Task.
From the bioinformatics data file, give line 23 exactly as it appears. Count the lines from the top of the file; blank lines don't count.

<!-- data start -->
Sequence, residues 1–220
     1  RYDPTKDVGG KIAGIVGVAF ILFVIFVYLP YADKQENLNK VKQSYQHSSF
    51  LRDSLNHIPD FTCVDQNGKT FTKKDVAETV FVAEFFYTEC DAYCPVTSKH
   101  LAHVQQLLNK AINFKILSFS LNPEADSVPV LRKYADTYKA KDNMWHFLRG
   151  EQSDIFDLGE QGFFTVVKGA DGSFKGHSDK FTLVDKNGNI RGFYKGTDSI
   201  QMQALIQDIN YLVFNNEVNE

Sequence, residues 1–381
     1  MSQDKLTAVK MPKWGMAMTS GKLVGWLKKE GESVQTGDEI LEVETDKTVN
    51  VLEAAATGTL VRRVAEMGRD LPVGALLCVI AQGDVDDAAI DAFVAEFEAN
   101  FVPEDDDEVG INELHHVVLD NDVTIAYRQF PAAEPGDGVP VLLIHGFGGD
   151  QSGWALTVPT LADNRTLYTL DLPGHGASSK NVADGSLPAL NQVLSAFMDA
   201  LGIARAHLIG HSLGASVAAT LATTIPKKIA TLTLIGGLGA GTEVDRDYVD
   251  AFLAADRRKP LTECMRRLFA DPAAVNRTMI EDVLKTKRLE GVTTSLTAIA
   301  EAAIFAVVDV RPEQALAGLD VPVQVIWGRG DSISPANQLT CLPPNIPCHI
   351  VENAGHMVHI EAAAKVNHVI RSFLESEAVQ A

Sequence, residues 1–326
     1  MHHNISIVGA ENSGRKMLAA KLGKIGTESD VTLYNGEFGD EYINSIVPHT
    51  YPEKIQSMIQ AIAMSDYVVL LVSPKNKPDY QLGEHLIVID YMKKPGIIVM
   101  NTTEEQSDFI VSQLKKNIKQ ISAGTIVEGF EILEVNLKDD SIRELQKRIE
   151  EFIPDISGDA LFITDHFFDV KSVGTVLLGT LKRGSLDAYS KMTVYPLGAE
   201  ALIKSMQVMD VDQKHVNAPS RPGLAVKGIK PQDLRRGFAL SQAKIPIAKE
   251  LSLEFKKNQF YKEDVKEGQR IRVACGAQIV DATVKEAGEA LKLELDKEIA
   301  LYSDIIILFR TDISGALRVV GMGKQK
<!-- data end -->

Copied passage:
   301  LYSDIIILFR TDISGALRVV GMGKQK